The next full production variant was the Bristol Bristol Beaufighter Mk.VI, fitted with the more powerful Hercules VI and XVI engines. It was this variant that was used as a maritime strike aircraft, carrying rockets or an 18 inch torpedo.


Bristol 156 Beaufighter TFXs
Bristol Beaufighter TFXs of 404 Sqn RCAF (NV427 'EO-L' nearest camera)
The final variant to achieve large scale production was the Bristol Bristol Beaufighter TF Mk.X, with a further increase in power. The Bristol Bristol Beaufighter Mk.XIC was similar to the Bristol Bristol Beaufighter Mk. X but was not equipped for torpedo carriage.  Post-war, a number of Bristol Bristol Beaufighter Mk. X aircraft were also converted for target-towing duties (as the TT Mk.10.A).


Bristol 156 Beaufighter TT10
Air to air photograph of Bristol 156 Beaufighter TT10 SR914 toward the end of the type's RAF service
During World War II, the Bristol Bristol Beaufighter played a significant role in the Battle of Britain, protecting the skies over the south of England.  Flying at night, all-black painted Bristol Bristol Beaufighters acted as Night Interceptors. in the hands of skilled pilots such as Grp Captain John ‘Cats-Eyes’ Cunningham. Cunningham's nickname 'Cats Eyes' originated from him being credited with the highest number of ‘Night Kills’ in his Bristol Bristol Beaufighter and alike. In reality however, it was later revealed that his success was due to the Bristol Bristol Beaufighter’s secret AI Radar, rather than his exceptional night-vision.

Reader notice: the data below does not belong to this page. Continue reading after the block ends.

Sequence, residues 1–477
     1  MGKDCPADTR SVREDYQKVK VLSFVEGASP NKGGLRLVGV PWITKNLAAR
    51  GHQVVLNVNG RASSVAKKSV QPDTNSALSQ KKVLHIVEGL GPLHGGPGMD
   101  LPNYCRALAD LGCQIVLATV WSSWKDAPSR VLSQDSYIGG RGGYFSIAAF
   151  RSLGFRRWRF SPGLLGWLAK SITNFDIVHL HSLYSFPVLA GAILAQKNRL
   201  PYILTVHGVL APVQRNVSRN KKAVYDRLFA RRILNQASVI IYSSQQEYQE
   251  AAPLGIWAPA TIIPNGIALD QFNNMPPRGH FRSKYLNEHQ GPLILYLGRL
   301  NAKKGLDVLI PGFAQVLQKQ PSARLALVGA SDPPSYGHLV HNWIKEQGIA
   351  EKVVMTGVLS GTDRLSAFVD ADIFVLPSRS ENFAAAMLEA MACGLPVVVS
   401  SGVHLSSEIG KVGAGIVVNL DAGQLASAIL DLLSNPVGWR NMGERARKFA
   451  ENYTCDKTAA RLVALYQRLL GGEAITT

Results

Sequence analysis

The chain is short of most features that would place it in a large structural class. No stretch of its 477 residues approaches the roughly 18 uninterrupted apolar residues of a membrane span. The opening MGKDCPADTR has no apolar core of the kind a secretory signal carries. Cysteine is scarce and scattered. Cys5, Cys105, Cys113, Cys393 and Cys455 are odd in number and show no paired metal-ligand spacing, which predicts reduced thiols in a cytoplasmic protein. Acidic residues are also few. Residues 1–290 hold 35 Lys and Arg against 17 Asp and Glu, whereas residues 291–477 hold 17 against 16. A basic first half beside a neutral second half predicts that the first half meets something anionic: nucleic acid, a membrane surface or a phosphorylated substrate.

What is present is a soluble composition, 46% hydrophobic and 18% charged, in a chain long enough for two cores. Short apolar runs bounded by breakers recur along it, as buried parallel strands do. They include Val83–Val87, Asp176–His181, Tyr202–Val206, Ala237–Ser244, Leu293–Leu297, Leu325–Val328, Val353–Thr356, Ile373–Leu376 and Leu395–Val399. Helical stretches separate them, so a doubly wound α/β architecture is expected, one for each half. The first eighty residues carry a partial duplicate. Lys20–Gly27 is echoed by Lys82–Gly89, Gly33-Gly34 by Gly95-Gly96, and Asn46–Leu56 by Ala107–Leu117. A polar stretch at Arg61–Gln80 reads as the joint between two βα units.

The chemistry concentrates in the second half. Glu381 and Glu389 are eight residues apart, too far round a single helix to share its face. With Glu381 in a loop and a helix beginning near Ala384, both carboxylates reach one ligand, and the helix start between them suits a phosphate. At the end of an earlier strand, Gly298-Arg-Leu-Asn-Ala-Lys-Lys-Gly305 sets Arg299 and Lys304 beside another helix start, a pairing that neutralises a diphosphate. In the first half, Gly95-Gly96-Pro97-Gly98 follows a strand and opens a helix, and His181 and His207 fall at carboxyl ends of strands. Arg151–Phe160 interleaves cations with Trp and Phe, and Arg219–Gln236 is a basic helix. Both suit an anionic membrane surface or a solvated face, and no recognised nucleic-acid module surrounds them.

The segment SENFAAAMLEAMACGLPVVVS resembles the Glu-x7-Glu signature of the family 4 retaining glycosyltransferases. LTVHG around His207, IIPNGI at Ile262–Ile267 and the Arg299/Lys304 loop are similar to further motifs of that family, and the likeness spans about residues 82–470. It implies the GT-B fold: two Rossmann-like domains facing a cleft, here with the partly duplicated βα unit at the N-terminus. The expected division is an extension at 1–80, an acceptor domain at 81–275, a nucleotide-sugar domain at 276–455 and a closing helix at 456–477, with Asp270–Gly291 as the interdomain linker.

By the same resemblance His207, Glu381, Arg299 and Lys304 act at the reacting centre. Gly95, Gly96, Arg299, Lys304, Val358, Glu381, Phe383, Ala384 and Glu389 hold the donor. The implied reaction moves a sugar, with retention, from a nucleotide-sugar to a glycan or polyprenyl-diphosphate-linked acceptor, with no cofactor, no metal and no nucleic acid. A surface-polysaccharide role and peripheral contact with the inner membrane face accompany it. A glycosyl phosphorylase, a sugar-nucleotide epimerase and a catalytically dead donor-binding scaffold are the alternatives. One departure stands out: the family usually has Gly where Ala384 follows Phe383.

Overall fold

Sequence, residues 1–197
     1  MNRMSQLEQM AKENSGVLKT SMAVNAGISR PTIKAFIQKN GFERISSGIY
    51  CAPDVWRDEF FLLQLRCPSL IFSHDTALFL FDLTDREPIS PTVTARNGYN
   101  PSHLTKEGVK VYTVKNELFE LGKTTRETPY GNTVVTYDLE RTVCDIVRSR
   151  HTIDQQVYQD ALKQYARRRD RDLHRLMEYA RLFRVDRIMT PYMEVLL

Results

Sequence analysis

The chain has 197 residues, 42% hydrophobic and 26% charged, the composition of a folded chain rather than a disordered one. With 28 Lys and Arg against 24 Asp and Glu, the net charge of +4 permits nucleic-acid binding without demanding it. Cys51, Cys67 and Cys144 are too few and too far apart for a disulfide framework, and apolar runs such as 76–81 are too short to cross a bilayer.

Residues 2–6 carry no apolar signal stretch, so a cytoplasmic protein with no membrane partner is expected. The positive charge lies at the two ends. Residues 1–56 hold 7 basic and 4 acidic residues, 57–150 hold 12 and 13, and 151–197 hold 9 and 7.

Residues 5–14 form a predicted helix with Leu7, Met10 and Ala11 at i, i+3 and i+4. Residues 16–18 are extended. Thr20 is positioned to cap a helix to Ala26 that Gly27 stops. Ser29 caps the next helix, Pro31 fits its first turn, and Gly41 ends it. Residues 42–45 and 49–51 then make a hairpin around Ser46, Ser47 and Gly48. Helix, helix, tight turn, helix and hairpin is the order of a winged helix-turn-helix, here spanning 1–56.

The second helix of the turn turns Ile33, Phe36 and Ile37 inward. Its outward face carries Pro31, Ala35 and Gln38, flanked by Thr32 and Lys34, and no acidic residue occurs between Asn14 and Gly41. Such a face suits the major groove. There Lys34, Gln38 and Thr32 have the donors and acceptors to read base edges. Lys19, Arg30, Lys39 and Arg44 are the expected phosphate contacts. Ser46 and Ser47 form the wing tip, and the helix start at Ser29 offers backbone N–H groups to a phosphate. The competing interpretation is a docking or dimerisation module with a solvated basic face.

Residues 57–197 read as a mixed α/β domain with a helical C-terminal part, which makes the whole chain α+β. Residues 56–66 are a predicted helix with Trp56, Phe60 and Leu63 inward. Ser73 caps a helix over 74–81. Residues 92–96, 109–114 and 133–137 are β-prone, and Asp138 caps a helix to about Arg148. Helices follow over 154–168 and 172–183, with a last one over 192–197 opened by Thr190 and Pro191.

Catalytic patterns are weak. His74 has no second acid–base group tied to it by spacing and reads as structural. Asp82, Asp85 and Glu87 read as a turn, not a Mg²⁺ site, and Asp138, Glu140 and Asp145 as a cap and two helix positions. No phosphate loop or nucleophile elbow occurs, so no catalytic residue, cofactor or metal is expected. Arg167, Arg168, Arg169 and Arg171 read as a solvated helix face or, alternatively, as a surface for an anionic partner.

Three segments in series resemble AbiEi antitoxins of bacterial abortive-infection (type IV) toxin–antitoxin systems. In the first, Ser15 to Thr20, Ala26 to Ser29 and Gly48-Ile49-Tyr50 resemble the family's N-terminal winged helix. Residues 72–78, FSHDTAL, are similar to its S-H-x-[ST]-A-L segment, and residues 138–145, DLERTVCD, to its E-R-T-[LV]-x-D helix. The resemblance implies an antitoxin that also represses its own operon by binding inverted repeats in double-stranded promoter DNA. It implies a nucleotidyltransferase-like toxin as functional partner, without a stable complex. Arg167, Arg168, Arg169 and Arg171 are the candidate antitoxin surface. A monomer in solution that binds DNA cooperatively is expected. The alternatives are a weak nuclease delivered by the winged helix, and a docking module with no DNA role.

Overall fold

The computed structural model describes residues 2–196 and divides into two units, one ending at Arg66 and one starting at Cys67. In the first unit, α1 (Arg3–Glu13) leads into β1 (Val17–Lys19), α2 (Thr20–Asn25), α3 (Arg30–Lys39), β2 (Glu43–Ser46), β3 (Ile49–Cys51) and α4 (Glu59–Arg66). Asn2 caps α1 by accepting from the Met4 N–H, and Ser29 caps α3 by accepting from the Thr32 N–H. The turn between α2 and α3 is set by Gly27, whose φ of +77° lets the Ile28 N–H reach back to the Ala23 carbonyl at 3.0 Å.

UK production was split between Bristol Aeroplane Company (4,804 including the Weston-super-Mare Shadow Factory), Fairey Aviation Company at Stockport (500) and Rootes at Speke (260).  Outside of the UK, the Bristol Bristol Beaufighter Mk.21 was built in Australia at the Government Aircraft Factory, where some 364 aircraft were constructed. The most significant marks were the Bristol Bristol Beaufighter Mk.I (915 built); Bristol Bristol Beaufighter Mk. II (448); Bristol Bristol Beaufighter Mk. VI (1,831) and Bristol Bristol Beaufighter Mk. X (2,205).
All in all and with the Department of Aircraft Production in Australia, the grand total was 5,928 aircraft.
It was a Bristol Bristol Beaufighter TT Mk.10 that flew the RAF final sortie for the type on 12th May 1960.



                                Bristol Bristol Beaufighter Mk. I Bristol Bristol Beaufighter Mk. II Bristol Bristol Beaufighter Mk. X
Powerplants (2) 1,560 hp Hercules XI 1,300 hp Merlin XX 1,750 hp Hercules XVII
Span 57 ft 10 in
Maximum Weight 21,100 lb 20,400 lb 25,400 lb
Capacity and armament Two crew, four 20 mm Hispano cannon, six 0.303 Browning guns, optional carriage of one 1,760 lb 18 inch torpedo, eight 60 lb rockets, or four 500 lb bombs.   
Maximum Speed 320 mph 327 mph 323 mph